Morphologic Diagnosis:  

1. Liver: moderate, acute, multifocal sometimes coalescing necrosis, with multifocal eosinophilic intranuclear inclusion bodies, Herpesviridae.
2. Spleen: severe, acute, multifocal to coalescing necrosis, with multifocal eosinophilic intranuclear inclusion bodies, Herpesviridae.

Lab Results:  

Microbiological and virological examination was performed from samples of the liver, spleen and the lungs. The results are listed below.

Lungs: Aspergillus spp.; coagulase-negative Streptococcus spp.; and Escherichia coli.
Liver and spleen: no bacterial growth observed

Extracts from liver and spleen were cultured on chicken-embryo-hepatocytes and chicken-embryo-fibroblasts in cell culture and the supernatant was analyzed on an electron microscope. These examinations revealed Herpesviridae in both organ samples.


Hepatosplenitis infectiosa strigum (HSIS)

Contributor Comment:  

The clinical and pathological findings in this case represent the typical syndrome of a hepatosplenitis infectiosa strigum (HSIS) in a snowy owl. This infectious disease of wildlife and captive birds usually runs fatal within a few days and is caused by a herpesvirus.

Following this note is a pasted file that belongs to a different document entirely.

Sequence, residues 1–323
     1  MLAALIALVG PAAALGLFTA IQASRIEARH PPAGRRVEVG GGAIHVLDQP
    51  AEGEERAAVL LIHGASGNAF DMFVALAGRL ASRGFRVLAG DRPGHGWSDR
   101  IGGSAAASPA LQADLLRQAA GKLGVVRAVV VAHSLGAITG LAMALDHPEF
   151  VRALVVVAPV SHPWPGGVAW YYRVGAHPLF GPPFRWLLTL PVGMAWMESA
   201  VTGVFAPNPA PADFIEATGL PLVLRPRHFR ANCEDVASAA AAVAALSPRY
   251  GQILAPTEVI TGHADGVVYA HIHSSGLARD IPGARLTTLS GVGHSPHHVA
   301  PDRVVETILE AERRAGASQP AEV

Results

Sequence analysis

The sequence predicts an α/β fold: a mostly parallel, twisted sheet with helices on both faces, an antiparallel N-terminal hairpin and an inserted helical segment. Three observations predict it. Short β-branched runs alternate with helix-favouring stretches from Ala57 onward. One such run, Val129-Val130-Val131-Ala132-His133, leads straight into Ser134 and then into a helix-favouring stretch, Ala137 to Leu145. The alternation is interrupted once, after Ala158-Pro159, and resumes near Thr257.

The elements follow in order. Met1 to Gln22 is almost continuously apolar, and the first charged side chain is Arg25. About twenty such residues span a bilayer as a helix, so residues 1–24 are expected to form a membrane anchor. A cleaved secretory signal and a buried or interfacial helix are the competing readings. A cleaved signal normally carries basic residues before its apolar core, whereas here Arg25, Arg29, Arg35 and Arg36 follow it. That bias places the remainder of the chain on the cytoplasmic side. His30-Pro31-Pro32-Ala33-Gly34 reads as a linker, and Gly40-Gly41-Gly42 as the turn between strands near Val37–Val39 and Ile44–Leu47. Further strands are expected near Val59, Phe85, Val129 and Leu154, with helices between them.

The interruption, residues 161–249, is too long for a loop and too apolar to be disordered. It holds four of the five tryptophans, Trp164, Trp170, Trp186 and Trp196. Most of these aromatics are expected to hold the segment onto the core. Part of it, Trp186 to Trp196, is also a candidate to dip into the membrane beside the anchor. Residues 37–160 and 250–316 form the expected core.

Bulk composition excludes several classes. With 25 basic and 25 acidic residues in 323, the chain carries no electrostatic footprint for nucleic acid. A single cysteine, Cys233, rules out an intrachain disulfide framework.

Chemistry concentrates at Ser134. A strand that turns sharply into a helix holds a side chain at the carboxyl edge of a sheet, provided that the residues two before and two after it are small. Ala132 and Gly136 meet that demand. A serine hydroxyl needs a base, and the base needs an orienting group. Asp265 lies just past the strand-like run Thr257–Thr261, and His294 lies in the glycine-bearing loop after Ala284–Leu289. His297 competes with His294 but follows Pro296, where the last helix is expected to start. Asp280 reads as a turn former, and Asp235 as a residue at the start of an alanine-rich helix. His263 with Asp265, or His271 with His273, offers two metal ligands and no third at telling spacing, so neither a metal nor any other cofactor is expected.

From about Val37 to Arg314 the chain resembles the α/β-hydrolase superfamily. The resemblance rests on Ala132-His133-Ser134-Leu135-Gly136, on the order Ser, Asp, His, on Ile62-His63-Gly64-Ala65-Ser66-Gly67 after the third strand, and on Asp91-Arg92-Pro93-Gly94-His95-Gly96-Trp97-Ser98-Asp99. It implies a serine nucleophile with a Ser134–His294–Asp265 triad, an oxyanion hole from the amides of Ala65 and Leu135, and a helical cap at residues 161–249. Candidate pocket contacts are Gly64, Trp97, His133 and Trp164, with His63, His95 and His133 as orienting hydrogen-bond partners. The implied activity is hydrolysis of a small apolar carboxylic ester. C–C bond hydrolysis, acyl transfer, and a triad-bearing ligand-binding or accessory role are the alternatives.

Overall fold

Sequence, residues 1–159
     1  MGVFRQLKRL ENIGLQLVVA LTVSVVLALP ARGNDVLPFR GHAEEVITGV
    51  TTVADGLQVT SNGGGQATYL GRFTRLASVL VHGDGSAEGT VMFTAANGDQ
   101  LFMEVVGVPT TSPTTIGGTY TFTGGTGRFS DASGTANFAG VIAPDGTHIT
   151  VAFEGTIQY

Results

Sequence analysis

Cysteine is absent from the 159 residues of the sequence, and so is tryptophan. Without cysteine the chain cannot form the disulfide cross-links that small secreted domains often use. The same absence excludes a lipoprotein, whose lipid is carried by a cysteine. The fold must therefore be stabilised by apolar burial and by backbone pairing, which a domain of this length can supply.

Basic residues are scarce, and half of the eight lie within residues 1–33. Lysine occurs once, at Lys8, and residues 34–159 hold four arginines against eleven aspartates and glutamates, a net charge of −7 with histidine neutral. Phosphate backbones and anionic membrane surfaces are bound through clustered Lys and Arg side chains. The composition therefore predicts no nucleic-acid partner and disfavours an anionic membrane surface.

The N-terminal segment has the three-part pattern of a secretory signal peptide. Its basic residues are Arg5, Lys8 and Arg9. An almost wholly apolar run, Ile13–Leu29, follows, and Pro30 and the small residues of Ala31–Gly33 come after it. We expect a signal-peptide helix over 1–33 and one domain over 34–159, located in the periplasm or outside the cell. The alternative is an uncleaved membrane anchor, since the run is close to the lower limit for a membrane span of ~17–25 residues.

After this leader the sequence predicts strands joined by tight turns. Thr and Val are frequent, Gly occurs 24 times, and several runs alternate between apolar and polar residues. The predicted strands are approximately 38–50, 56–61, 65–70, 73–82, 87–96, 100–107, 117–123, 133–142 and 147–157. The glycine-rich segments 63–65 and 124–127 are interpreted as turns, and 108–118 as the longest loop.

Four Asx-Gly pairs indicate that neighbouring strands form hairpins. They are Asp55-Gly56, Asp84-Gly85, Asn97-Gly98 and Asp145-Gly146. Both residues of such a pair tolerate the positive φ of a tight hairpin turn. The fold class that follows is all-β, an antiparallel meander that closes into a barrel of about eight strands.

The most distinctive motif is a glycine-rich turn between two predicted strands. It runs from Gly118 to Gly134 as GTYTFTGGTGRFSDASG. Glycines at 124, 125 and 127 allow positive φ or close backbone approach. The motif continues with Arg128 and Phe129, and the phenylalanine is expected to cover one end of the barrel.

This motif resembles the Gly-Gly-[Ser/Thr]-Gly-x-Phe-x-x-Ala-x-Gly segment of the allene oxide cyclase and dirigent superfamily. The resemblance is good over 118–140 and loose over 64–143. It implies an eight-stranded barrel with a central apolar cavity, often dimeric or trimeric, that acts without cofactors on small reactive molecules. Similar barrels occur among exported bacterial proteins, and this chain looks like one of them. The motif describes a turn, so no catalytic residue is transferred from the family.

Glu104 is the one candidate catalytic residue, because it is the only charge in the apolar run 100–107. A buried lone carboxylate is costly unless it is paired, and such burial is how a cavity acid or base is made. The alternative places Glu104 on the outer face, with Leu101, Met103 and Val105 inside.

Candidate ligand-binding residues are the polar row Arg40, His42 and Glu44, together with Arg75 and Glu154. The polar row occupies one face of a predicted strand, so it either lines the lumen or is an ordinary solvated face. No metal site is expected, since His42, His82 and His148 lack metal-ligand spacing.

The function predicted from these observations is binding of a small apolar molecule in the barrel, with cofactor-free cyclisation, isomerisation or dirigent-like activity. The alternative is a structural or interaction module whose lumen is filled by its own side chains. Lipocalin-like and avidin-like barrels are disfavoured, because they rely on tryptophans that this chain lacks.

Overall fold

The family of avian herpesviruses comprises three subfamilies, including alpha-, beta- and gamma-Herpesviruses. Each name for the genera derives from the predominant clinical and pathological findings.(10) Hepatosplenitis infectiosa strigum (HSIS) is caused by the strigid herpesvirus-1 (SHV-1) and is dedicated to the betaherpesviruses (synonym hepatosplenitis viruses). This disease occurred in 1915 in Austria for the first time (retrospective examination of fixed tissue samples of affected birds), (3) but was first described in the United States in 1936.(8) It is seen frequently in Germany since 1969.(4,12) The SHV-1 is a strict host-specific pathogen that reveals close similarities to the falconid herpesvirus-1 (FHV-1) and the columbid herpesvirus-1 (CHV-1). Due to the large genomic homology, a PCR styled to detect the CHV-1 can also be used to detect SHV-1 and FHV-1.(1) Reported susceptible species of owls for HSIS are: the Eagle Owl (Bubo bubo), the Great Horned Owl (Bubo virginianus), the Striped Owl (Asio clamator), the Long-eared Owl (Asio otus), the Snowy Owl (Nyctea scandiaca), the Little Owl (Athene noctua), and the Boreal Owl (Aegolius funereus), whereas the Eurasian Tawny Owl (Strix aluco) and the Barn Owl (Tyto alba) seem to be naturally resistant.(4) However, other authors have shown that American kestrels, budgerigars and ring-necked doves are susceptible for experimental infections, as well.(12)

Additionally, evidence for latent infections was found, given the fact that antibody-positive but healthy animals could be observed.(9) As reported by Burtscher and Sibalin,(4) only owls with a yellow or orange coloured iris (of the aforementioned species) have proven to be susceptible, whereas species with dark irises (e.g. Tawny Owls and barn owls) were resistant, even to massive experimental infections. However, the authors considered this finding not to be significant, but remarked further investigations were needed to clarify.